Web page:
With the publication of De humani corporis fabrica (when he was only twenty-eight) Vesalius revolutionised both the science of anatomy and how it was taught. In his preface, he describes his disappointing experiences as a student in Paris and Louvain, stating his intention to reform the teaching of anatomy by giving in this book a complete description of the structure of the human body and thereby drawing attention "to the falsity of Galen’s pronouncements". Vesalius also broke with tradition by performing dissections himself instead of leaving this task to assistants: the striking and dramatic title-page illustration shows him conducting such a dissection, his hand plunged into a female cadaver (striking in itself as only the cadavers of executed criminals could be legally dissected and female criminals were rarely executed), surrounded by a seething mass of students.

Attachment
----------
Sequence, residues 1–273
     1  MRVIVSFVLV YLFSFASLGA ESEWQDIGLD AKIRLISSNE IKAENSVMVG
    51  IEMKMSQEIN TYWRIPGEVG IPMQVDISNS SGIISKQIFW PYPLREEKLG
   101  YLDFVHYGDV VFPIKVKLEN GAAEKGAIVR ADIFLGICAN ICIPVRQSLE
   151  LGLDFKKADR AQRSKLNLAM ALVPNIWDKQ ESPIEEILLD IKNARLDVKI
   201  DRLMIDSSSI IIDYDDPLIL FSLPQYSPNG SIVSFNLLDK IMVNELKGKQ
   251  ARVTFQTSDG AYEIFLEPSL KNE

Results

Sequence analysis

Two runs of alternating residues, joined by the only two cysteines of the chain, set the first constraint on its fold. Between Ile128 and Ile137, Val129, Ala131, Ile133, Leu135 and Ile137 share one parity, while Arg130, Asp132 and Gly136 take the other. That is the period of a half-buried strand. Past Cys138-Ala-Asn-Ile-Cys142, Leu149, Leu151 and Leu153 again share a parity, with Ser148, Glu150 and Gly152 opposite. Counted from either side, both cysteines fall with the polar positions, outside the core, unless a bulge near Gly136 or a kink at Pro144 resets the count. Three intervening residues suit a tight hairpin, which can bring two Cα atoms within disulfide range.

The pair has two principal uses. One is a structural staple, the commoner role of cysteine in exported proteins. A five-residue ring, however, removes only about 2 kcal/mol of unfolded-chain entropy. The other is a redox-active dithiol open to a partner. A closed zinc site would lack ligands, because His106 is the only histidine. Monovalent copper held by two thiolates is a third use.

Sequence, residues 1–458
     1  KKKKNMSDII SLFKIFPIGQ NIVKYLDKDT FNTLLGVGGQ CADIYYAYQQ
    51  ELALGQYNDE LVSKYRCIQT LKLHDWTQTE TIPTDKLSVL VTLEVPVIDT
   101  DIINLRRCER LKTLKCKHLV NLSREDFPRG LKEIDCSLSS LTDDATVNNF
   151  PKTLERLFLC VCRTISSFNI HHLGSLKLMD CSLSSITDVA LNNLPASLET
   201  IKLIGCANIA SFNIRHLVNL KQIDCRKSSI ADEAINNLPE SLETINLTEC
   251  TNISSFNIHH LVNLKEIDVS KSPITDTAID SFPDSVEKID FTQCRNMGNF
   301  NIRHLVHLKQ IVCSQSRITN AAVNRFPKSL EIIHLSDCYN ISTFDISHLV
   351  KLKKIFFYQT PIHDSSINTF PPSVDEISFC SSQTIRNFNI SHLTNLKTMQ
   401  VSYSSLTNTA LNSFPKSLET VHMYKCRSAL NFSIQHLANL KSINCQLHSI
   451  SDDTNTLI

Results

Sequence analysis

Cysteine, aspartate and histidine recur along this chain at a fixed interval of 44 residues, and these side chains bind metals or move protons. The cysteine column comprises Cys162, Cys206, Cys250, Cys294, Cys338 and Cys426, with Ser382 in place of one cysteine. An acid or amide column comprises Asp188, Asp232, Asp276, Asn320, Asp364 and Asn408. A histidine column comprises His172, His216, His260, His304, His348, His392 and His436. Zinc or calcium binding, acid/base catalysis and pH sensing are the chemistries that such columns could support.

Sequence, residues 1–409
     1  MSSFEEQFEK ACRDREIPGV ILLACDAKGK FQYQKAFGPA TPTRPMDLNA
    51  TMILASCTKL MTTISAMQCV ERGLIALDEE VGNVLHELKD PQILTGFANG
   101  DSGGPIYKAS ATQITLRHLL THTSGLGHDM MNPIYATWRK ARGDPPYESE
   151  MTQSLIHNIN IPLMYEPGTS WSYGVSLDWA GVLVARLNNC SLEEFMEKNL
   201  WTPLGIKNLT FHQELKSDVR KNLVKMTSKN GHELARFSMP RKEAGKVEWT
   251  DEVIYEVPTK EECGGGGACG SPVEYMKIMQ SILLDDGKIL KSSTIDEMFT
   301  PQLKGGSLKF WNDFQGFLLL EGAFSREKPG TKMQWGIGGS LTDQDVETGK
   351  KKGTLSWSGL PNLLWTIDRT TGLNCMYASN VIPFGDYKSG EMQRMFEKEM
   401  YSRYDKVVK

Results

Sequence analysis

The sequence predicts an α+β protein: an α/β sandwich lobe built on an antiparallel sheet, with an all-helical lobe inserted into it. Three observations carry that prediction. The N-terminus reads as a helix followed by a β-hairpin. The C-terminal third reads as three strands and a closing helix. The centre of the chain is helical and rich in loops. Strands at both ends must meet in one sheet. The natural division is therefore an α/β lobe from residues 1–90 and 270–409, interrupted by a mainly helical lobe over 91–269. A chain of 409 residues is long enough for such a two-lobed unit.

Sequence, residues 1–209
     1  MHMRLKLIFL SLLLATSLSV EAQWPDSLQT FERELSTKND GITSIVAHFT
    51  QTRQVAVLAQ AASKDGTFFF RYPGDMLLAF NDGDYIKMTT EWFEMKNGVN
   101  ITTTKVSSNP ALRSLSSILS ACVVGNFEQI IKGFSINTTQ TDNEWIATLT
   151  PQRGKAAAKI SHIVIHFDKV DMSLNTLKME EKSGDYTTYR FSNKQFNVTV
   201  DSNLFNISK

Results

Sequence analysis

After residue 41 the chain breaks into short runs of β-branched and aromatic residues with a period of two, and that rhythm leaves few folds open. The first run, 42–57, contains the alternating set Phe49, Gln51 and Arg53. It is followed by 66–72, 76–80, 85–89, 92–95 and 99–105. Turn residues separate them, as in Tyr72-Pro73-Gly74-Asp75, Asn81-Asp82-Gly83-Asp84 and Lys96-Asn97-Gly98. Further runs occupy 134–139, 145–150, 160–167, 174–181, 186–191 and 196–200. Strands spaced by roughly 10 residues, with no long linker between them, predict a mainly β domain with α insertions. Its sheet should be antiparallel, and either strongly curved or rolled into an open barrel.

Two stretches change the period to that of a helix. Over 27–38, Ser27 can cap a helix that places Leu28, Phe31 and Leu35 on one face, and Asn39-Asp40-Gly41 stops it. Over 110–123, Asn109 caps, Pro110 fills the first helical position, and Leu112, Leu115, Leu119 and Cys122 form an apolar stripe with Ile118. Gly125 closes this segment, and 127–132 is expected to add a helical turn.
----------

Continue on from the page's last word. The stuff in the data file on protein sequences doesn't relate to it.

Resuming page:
The Fabrica is also revolutionary for “its unprecedented blending of scientific exposition, art and typography” (Norman). Vesalius took great care with every aspect of his book: his letter to Joannes Oporinus, reproduced in the prefatory matter (*5r-v), discusses the layout of the book, the system of reference between text and image and the delivery of the woodcut blocks. The numerous and elegant illustrations, including the title-page and the frequently disarming woodcut initials, were entrusted to Jan Stephan van Calcar (1499-1546), a student of Titian who had also worked on Vesalius's Tabulae anatomicae sex of 1537-1538. The beauty and accuracy of these woodcuts led to frequent piracy, despite Vesalius's attempts to protect his work with various privileges (as stated at the foot of the title-page).
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